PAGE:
• Open the command-line interface on your computer.

  • Navigate to the directory where you want to create your Git repository.

  • Run the following commands:


git init

  • This initialises a new Git repository in the current directory.




Step 2: Creating and Committing Changes

  • Create a new text file named "example.txt" using any text editor.

  • Add some content to the "example.txt" file.

  • In the command-line interface, run the following commands:

git status

  • This command shows the status of your working directory, highlighting untracked files.


git add example.txt

  • This stages the changes of the "example.txt" file for commit.


git commit -m "Add content to example.txt"

  • This commits the staged changes with a descriptive message.



Step 3: Exploring History

Modify the content of "example.txt."

Run the following commands:


git status

  • Notice the modified file is shown as "modified."



git diff

  • This displays the differences between the working directory and the last commit.


git log

  • This displays a chronological history of commits.


Step 4: Branching and Merging

Create a new branch named "feature" and switch to it:



git branch feature

git checkout feature

or shorthand:


git checkout -b feature

  • Make changes to the "example.txt" file in the "feature" branch.

  • Commit the changes in the "feature" branch.

  • Switch back to the "master" branch:

git checkout master


  • Merge the changes from the "feature" branch into the "master" branch:

git merge feature



Step 5: Collaborating with Remote Repositories

  • Create an account on a Git hosting service like GitHub (https://github.com/).

  • Create a new repository on GitHub.


  • Link your local repository to the remote repository:

git remote add origin <repository_url>

  • Push your local commits to the remote repository:

git push origin master


Conclusion:

Through this experiment, participants gained a foundational understanding of Git's essential commands and concepts. They learned how to set up a Git repository, manage changes, explore commit history, create and merge branches, and collaborate with remote repositories. This knowledge equips them with the skills needed to effectively use Git for version control and collaborative software development.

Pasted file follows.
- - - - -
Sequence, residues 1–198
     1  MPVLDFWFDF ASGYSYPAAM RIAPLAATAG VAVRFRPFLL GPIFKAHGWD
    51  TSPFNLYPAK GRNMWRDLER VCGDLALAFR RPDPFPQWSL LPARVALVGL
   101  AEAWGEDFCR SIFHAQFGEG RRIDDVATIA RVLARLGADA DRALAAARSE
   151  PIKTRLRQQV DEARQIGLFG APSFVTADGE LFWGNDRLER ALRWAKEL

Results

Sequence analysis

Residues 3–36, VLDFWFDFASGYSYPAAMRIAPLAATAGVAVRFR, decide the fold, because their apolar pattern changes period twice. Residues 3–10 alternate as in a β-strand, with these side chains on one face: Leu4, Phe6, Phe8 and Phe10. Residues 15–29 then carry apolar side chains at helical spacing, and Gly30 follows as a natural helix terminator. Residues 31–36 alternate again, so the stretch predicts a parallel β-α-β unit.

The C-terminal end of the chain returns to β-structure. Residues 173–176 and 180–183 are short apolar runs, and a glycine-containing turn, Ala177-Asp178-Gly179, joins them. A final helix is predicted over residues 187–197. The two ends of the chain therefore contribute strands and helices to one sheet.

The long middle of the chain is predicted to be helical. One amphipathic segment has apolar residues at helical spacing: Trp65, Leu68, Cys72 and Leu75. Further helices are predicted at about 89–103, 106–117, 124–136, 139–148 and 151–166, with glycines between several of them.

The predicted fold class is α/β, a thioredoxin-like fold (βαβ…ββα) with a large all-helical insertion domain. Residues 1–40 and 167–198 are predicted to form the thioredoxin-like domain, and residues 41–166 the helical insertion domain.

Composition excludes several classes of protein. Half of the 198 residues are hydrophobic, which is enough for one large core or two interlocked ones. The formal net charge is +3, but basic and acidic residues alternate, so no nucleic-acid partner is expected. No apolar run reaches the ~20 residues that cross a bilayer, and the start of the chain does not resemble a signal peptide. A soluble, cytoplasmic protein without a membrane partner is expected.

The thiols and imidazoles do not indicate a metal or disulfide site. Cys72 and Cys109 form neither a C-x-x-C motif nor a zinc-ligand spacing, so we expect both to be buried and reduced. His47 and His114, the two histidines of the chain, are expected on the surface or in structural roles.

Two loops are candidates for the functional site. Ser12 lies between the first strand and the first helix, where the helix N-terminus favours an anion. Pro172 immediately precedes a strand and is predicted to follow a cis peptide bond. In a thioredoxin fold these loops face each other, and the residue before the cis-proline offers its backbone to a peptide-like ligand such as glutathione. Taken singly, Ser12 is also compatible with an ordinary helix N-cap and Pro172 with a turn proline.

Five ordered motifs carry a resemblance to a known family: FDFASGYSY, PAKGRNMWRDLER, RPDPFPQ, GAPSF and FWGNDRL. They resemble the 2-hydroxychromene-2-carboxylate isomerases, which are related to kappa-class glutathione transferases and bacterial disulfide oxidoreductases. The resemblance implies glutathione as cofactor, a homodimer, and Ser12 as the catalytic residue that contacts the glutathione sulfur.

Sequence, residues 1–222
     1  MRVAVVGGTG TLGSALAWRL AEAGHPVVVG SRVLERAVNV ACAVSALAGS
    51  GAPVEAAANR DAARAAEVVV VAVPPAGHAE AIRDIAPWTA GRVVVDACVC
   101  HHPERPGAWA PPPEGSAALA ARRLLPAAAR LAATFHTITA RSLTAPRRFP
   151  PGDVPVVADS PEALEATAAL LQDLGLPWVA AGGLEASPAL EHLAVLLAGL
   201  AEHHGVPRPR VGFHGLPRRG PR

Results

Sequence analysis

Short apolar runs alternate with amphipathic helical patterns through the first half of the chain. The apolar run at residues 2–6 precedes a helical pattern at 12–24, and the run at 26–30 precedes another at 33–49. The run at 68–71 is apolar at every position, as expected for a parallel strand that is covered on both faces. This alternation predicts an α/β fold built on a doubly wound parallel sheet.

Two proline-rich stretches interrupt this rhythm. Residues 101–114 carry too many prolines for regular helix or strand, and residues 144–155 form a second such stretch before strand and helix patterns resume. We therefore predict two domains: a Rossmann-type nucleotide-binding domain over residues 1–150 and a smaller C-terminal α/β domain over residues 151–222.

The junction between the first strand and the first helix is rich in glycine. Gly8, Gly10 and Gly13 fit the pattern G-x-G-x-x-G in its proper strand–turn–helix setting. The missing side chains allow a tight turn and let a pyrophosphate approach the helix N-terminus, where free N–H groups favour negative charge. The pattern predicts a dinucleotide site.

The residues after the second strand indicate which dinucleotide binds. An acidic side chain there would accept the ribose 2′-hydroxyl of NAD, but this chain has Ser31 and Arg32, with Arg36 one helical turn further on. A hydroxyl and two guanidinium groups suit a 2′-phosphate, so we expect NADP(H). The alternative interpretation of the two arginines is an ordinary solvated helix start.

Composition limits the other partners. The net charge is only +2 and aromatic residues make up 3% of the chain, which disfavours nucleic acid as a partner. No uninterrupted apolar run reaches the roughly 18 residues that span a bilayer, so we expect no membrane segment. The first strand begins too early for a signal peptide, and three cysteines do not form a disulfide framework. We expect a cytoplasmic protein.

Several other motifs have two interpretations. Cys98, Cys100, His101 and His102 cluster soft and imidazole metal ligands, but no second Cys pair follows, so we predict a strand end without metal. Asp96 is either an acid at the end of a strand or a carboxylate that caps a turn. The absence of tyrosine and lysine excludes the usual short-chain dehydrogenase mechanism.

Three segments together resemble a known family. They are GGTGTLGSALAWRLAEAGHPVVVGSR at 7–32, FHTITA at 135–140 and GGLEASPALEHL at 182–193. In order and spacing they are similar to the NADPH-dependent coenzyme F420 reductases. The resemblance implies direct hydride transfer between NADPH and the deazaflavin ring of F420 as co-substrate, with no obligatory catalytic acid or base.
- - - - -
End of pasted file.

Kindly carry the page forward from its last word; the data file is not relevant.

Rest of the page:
Exercise:

  1. Explain what version control is and why it is important in software development. Provide examples of version control systems other than Git.

  2. Describe the typical workflow when working with Git, including initialising a repository, committing changes, and pushing to a remote repository. Use a real-world example to illustrate the process.

  3. Discuss the purpose of branching in Git and how it facilitates collaborative development. Explain the steps involved in creating a new branch, making changes, and merging it back into the main branch.

  4. What are merge conflicts in Git, and how can they be resolved? Provide a step-by-step guide on how to handle a merge conflict.

  5. Explain the concept of remote repositories in Git and how they enable collaboration among team members. Describe the differences between cloning a repository and adding a remote.

  6. Discuss different branching strategies, such as feature branching and Gitflow. Explain the advantages and use cases of each strategy.

  7. Describe various Git commands and techniques for undoing changes, such as reverting commits, resetting branches, and discarding uncommitted changes.

  8. What are Git hooks, and how can they be used to automate tasks and enforce coding standards in a Git repository? Provide examples of practical use cases for Git hooks.

  9. List and explain five best practices for effective and efficient Git usage in a collaborative software development environment.

  10. Discuss security considerations in Git, including how to protect sensitive information like passwords and API keys. Explain the concept of Git signing and why it's important.